Wednesday, March 2, 2016

Unravelling Some Occult Mysteries of the Heterodox

Noah Smith has a new post, "Occult Mysteries of the Heterodox," criticizing Heterodox economists who seem unable to provide a simple explanation of their new, and supposedly superior, methodologies. “They show every indication of having no new methodology whatsoever.”  And later, in a "tweetstorm," Noah accuses Post Keynesians, in particular, of only being interested in methodologies that yield their favored conclusions.

In contrast to the the PKs, who offer nothing but "criticism," Noah points to “the Solow Growth model” as a useful and accessible scheme of analysis.  I’ll get to alternatives in a moment, but I think Noah is much too blas√© about the importance of “criticism,” and his reference to “the Solow Growth model” provides a good illustration of the problem.

Leaving aside the Cambridge (UK) critique of aggregate production functions (the mere mention of which brands one a hopeless ideologue), here’s a brief paper by Jesus Felipe and Franklin M. Fisher, who carefully explain the conceptual difficulties with aggregate production functions and then patiently respond to all the justifications offered by those who still use these models despite their drawbacks.  

Some defenders of mainstream economics brush off critics, claiming they just don't know the math.  Well, Kenneth Arrow and Robert Solow, who do know the math, haven't been impressed by the modeling inspired by Lucas and Sargent.  Perhaps Stephen Williamson is right to dismiss these critics because they “fail to understand the power of the work they did,” but this claim requires an argument that addresses the actual criticisms offered by Arrow and Solow, not to mention those of Frank Hahn, Franklin M. Fisher, and several other first-class economists.

Noah is mistaken when he says PKs simply favor the methods that will produce their favorite conclusions.  I think, in opposition to Noah's view, that PK approaches and methods arise from their criticisms of orthodoxy.  

For brevity’s sake, I’m going to mention one assumption widely held among PKs, which is that neither market participants nor economists “know the data-generating process.”  Awhile ago, Brad DeLong, commenting on a Lars P. Syll post, granted that there may be something worthwhile in this point of view, but asked, “what kind of economic arguments do we make” once this assumption is accepted?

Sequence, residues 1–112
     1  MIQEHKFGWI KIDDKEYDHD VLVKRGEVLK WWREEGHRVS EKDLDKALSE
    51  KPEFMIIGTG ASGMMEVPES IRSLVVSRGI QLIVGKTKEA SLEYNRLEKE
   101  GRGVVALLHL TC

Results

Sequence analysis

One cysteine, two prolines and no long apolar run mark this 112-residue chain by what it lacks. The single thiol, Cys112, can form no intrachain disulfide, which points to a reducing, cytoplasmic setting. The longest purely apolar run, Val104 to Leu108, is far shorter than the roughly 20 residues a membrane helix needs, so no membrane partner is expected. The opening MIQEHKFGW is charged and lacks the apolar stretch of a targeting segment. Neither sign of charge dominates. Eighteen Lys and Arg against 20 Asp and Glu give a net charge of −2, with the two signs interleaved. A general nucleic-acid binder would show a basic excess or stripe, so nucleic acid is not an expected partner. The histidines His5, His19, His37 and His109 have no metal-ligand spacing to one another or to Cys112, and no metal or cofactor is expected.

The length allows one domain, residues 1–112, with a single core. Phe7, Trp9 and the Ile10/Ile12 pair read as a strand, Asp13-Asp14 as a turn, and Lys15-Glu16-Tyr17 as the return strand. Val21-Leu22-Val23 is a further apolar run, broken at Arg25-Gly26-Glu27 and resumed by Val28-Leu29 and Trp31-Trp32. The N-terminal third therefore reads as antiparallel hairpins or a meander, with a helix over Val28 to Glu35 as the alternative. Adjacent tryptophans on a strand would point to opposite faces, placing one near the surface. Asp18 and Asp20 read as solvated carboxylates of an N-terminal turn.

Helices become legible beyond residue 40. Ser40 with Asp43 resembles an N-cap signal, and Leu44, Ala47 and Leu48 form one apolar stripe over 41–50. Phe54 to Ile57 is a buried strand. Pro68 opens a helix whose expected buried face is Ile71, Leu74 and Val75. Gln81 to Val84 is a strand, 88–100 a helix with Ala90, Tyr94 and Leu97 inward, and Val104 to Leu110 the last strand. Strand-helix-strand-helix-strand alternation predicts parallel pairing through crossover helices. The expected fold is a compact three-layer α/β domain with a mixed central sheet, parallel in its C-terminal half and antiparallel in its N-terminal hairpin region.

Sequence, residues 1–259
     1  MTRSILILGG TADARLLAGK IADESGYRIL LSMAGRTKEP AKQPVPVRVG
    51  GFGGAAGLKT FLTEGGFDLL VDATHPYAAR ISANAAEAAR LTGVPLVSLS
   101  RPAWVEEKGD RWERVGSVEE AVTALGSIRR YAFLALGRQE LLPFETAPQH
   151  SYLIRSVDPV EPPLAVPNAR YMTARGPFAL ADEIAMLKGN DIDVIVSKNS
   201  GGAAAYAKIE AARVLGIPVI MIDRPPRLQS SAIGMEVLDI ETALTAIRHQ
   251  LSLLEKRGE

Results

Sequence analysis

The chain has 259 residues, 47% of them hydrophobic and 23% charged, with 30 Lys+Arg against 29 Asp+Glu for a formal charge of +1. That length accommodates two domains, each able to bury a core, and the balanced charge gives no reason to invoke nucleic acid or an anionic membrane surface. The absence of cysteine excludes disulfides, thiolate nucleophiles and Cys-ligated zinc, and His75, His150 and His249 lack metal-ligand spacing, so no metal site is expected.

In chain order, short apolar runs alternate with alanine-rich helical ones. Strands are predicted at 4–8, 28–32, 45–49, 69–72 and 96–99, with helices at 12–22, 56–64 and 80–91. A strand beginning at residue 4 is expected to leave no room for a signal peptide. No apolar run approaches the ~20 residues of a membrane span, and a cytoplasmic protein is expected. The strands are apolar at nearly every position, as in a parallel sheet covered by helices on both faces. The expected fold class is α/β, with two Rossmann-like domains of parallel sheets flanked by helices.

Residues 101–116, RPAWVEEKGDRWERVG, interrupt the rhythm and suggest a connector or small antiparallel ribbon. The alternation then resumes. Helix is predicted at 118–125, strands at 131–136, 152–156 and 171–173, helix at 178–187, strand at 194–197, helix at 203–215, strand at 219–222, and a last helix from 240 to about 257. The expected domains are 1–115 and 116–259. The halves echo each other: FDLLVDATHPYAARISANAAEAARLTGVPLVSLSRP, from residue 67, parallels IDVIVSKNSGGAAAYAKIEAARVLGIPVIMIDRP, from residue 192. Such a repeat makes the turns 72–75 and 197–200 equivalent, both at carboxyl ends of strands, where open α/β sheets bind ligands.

Here’s a short list of the sort of practical ramifications of assuming that neither market participants nor economists know "the data-generating process."

1. First, let me note that our ignorance is manifest in the disagreement among economists about the causes of the Financial Crisis and the Great Recession, the effects of QE on interest rates and inflation, etc.  Such disagreement gives rise to many, often inconsistent, beliefs about the economy, and this diversity of beliefs must be taken into account in thinking about the economy.  Isn't it worth modeling economies in which market participants hold conflicting views of the future?  Wouldn't such an economy behave differently from one in which everyone shares the same rational expectations?  Mordecai Kurz has done interesting work in the area. And agent-based modeling (Santa Fe style) may prove useful in thinking about interactions among agents with different “views of the world.”

2. If you don’t know how “the data-generating process” works, or if there is no such thing, then history, path dependence, and hysteresis should play a larger role in thinking about the economy.

3. Since agents don't possess a complete list of states and their probabilities of occurrence, many people rely on verbal models, narratives, and stories to guide their economic decision making, and the role these informal “models” deserve examination.  See some of Robert Shiller’s recent work as well as this paper, which finds the EMH wanting once "the news" is taken into account.

4. Disequilibrium micro foundations (and mutually inconsistent expectations) attracted a lot of first-class economists from the mid-1950s until the early 2000s, including Hicks, Debreu, Hahn, Samuelson, Clower, Leijonhufvud, Negishi, and several others.  Arrow, himself, thought of the macroeconomy as "a disequilibrium phenomenon," and this vantage point is worth another look.  R. Backhouse and M. Boianovsky wrote a good book on the subject.

It may be objected that the economists mentioned above are not Post Keynesians, or at least do not identify themselves as such.  I concede this point because I’m concerned with methods and approaches that avoid some of shortcomings of mainstream thinking, rather than with the purity of Post-Keynesian economies.

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